Sunday, December 26, 2010

My Little Sister; a Guest Bloggers Story.

Guest Blogger; Ruth from "let's be splendid about this..." shares some of her experiences with us!

So, I have a younger sister, she's 16 now. I'm the first to admit we argue and fight as much as any other pair of siblings. I'm not proud of it and whenever we argue, I feel horribly guilty afterwards. But she is my little sister, and as such, I love her, whether we are racing each other in the pool, playing the PlayStation's or watching The Simpsons; her favorite show. I am protective of her.

Now, she is mildly autistic. She finds it difficult to adjust to new routines, she doesn't like loud noises, she gets easily freaked out and socially, she finds it difficult to fit in. However, she is able to go to a mainstream school. This mean's she faces mainstream problems- like bullying for example. It'd be difficult to find someone who hasn't been subjected to it. But my sister is not able to defend herself, like most kids. She doesn't understand but she knows she is being made fun of. I couldn't protect her; I was in a different school. She went to one with better integration facilities. But the amount of times she came home in tears, because of some stupid little bitch or group of dickhead boys had been teasing her made me want to march myself right up to them and yell until I was hoarse.

It probably wouldn't do much good. For all I know, they would laugh at me and make fun of her more. My solution to dealing with little shits like that is to simply walk away. I have never felt the urge to bully someone or make his or her life miserable like that. And to pick on someone who is more vulnerable that most, is the most cowardly act I can think of.

One time, I had to pick my sister up from school and bring her home on the train (she won't go by herself, she is unsure of public transport). So I did and as we were sitting there, a group of boys walked past from her school. She stiffened. They pointed and laughed, knowing that this is all it would take to stir her. I felt like saying "You think you're so funny! I'd like to see where you are in five years time; sniffing paint and on the dole I bet!" Or something along those lines. Even just to say "Fuck off!" would have been bliss. Not a very witty retort, is it? That's why I sat down again. All I could do intone to my sister was "Ignore them, they're not worth it." And she looked at me and said "I know, I just ignore them now".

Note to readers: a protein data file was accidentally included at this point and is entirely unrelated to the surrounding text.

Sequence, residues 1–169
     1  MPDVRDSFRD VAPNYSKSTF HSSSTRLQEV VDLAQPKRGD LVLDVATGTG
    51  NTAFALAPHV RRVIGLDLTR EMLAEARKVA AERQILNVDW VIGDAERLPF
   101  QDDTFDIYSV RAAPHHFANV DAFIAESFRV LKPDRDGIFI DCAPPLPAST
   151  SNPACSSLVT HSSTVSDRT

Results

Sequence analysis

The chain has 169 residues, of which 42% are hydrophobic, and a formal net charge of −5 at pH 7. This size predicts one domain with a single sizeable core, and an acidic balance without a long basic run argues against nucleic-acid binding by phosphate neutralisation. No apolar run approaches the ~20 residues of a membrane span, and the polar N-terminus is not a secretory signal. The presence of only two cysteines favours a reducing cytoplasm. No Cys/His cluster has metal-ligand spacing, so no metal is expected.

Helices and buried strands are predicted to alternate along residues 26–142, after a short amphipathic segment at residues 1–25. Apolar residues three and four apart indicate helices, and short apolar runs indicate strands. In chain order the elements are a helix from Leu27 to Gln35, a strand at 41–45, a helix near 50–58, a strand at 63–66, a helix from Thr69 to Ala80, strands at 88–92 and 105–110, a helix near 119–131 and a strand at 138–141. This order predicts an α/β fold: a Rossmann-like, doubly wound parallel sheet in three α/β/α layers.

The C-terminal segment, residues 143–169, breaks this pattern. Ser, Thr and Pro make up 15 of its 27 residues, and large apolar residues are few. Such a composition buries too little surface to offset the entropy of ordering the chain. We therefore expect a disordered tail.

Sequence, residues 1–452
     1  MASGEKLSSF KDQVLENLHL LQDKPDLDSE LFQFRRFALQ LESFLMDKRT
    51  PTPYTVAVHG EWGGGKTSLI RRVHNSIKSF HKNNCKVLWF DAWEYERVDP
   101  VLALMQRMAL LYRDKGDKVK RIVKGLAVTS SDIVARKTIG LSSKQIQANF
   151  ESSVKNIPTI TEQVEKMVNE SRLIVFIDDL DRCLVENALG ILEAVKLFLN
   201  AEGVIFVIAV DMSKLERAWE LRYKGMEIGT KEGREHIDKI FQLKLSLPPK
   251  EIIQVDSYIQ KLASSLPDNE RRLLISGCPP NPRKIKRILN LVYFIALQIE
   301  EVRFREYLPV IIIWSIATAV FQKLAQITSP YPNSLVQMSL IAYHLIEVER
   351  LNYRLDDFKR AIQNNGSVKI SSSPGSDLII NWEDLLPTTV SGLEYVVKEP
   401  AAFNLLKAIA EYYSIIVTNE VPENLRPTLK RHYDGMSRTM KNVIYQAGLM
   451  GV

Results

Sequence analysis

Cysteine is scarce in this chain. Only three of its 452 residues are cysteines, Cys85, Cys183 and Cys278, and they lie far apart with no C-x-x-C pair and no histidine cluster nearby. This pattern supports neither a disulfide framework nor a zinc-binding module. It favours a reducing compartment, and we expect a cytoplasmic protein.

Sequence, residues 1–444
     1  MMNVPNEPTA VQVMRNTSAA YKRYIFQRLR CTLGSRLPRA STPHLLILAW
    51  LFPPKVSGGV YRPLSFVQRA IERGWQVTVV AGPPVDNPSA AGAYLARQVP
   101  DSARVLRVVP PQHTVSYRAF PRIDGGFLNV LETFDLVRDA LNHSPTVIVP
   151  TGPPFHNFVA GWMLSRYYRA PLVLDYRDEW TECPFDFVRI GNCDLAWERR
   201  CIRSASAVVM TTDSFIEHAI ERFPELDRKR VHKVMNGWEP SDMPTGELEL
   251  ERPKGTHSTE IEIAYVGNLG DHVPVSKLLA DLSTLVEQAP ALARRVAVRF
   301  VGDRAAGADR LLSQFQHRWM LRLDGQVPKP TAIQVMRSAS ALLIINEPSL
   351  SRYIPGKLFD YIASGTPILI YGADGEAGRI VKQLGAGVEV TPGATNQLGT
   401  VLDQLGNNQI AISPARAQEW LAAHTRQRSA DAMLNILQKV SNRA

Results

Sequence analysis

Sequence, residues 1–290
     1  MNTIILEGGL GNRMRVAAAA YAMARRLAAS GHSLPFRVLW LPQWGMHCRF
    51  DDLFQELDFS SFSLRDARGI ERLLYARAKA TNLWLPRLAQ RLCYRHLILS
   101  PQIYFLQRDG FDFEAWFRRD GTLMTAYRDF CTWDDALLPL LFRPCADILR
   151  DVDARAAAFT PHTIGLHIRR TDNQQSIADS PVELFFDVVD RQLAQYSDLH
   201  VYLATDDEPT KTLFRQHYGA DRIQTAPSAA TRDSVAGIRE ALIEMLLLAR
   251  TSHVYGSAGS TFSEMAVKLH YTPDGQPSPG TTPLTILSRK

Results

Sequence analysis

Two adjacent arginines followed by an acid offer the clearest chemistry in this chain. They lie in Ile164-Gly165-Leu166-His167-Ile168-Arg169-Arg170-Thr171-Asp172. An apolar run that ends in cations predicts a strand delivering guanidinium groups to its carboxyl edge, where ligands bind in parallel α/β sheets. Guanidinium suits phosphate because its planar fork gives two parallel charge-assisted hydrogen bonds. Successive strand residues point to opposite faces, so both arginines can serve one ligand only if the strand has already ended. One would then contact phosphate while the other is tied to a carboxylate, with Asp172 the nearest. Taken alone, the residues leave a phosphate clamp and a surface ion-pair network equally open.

This year has been much better. She talks about her friends she sits with at lunch, and there have been much less teary days. She's a lot stronger than some people think. But what makes me sad is that people like these boys will always exist. And not everyone is as strong as my sister.


I want to thank you, Ruth, for sharing your sisters story. I am well aware of the affects of autism and know how difficult it can be on the child and their life. And children like those you describe in your post come from home where I wish I could beat the living shit out of the parents. Because, let's face it, it all starts at home. You are right; little shits like that will always exist and I am so glad to hear that your sister has the ability to rise above them, know it has nothing to do with her and everything to do with their own self esteem (or lack of it). And it also saddens me to know that there aren't other suffering as she or the effects of bullying that cannot see past the assholes the bullies are. It's one of my biggest peeves. My son is five and already suffering the effects of being bullied. They start younger every year. And while a good "FUCK YOU!" might feel good, it does nothing but make matters worse. So kudos to you, your sister, your family. You have grace, class and poise that will win this battle.


Ruth said...

Thanks for posting it, I'm glad it got through :)

Alittlesprite said...

I know what you go through Ruth. My son has Aspergers, and while its not as severe as Autism, he still suffers the same social limitations. He cant handle bullying and if provoked he will lash out. Not his fault but not acceptable in mainstream school. So now he is home-schooled, because he is extreemly smart. He is doing superbly, and still catches up with his school friends every now and then.

Rachel Mae said...

Thank you, Ruth, for sending it!

I understand that Autism spectrum as well. Aspergers is not a well known level of Autism but thankfully, there is a bigger push now for education on what these children go through and how they view the world and handle it.